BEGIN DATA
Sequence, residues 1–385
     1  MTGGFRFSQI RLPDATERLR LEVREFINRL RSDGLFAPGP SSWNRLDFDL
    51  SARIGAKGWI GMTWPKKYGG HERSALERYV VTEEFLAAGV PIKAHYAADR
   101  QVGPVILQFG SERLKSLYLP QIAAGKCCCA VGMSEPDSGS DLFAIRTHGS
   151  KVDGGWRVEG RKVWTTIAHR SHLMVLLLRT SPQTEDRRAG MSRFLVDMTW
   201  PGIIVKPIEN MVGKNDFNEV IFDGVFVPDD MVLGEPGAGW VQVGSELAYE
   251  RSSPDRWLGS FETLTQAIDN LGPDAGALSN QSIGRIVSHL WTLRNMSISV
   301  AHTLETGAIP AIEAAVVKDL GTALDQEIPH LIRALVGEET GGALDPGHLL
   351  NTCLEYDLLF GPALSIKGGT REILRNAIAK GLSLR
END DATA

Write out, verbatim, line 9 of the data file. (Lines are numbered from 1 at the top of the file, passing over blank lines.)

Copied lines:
   351  NTCLEYDLLF GPALSIKGGT REILRNAIAK GLSLR